Such remedy, requiring a return of 'the very fruits of the unfair labor practice itself,' thereby expunging the illegal effect of the unfair labor practice, United Association of Journeymen & Apprentices, supra, at p. 601, may be used under proper circumstances as a means of effectuating the policies of the Act. See Virginia Electric & Power Co. v. National Labor Relations Board, 319 U.S. 533, at page 541, 63 S.Ct. 1214, at page 1219, 87 L.Ed. 1568. Upon analysis of the numerous cases which have ruled upon the applicability of the 'Brown-Olds' remedy, we have reached the conclusion that they turn upon a significant factor. Primarily, a determination of the coercive nature of the payments to the union must be reached upon facts which lend support to a reasonable inference of such coercion. This requires a showing that the receipt of funds was directly related to the unlawful practice. See National Labor Relations Board v. Local 404, etc., 1 Cir., 205 F.2d .9; and compare, N.L.R.B. v. Local 60, United Broth. of Carpenters, etc., 7 Cir., 273 F.2d 699; Morrison-Knudsen Company v. N.L.R.B., 9 Cir., 276 F.2d 63, 73-74. In cases which refused enforcement of the broad remedy, the courts found that there was no direct relation between the illegal act and the collection of fees, or that the evidence in some other way demonstrated lack of coercion, or failed to furnish a basis for a reasonable inference of such coercion. See N.L.R.B. v. Millwrights' Local 2232, District Council of Houston, 5 Cir., 1960, 277 F.2d 217; Lakeland Bus Lines, Inc., v. N.L.R.B., 3 Cir., 1960, 278 F.2d 888; Building Materal Teamsters, Local 282, etc. v. N.L.R.B., 2 Cir., 275 F.2d 909, at pages 912-913; Local 357, International Brotherhood of Teamsters, etc. v. N.L.R.B., D.C.Cir., 275 F.2d 646. Frequently, the courts, in refusing to enforce an order for refund of fees and dues, have spoken in terms of a proper interpretation of the powers of the Board in effectuating the policies of the Act. This approach often appears when the remedy is sought against the employer only. See Morrison-Knudsen Company v. N.L.R.B., 2 Cir., 275 F.2d 914, 918; N.L.R.B. v. American Dredging Company, 3 Cir., 276 F.2d 286; Morrison-Knudsen Company v. N.L.R.B., 9 Cir., 276 F.2d 63, 74, and compare, N.L.R.B. v. Local 176, United Broth. of Carpenters, etc., 1 Cir., 276 F.2d 583.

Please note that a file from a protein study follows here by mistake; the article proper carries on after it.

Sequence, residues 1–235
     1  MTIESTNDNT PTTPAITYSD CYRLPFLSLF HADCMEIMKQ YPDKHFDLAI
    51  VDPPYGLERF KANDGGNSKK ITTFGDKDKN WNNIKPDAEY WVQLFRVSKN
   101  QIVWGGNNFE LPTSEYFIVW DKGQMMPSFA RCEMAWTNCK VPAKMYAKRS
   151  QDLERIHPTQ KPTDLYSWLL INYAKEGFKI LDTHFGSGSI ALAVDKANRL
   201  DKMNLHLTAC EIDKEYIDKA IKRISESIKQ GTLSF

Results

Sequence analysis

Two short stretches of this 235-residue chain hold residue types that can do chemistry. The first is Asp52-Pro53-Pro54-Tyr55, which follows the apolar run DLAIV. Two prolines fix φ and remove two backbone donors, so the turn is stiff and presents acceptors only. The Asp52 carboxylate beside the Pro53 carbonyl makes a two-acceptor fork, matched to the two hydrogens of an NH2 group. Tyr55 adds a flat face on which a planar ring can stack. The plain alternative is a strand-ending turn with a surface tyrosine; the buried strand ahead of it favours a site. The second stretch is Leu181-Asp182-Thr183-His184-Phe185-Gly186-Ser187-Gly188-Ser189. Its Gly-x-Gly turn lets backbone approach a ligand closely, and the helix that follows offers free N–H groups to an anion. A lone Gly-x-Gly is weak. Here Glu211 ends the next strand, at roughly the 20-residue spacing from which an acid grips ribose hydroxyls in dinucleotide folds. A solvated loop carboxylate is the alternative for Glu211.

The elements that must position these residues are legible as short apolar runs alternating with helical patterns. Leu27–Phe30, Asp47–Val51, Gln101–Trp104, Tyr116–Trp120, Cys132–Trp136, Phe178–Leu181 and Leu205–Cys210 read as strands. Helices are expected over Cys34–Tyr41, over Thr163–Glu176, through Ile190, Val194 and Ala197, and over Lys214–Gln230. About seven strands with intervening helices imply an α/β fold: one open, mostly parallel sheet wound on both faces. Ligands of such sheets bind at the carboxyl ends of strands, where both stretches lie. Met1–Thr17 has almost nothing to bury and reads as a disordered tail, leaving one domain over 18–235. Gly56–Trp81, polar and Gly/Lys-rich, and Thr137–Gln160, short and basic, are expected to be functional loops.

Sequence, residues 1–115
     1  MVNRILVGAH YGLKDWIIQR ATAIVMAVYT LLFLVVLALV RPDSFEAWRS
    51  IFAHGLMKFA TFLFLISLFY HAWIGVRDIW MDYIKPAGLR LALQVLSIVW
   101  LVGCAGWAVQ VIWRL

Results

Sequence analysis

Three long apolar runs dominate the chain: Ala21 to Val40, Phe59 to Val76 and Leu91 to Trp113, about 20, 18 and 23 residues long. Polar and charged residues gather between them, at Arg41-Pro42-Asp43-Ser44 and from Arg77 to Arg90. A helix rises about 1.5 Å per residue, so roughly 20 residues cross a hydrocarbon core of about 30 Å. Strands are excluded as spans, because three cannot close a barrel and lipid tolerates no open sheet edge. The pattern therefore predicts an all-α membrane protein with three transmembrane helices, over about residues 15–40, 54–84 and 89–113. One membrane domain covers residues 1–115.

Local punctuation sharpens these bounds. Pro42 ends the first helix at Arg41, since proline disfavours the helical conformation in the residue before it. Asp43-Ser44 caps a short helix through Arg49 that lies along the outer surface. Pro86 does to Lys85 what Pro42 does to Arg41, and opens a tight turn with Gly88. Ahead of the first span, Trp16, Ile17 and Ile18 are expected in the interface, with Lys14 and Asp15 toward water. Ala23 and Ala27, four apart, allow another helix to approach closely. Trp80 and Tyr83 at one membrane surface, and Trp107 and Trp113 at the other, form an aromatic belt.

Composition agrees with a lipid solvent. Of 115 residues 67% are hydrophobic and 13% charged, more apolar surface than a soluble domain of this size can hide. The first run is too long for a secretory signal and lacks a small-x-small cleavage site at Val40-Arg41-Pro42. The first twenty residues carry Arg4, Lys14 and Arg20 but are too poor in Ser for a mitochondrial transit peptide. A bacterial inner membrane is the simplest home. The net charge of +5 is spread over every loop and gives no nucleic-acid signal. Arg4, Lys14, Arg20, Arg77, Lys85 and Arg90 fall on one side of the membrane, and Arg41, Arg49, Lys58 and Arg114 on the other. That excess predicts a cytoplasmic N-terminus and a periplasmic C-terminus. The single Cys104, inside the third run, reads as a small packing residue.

For an exhaustive discussion and summary of decisions concerning application of this remedy, see the recent case, National Labor Relations Board v. United States Steel Corp., etc., 3 Cir., 1960, 278 F.2d 896.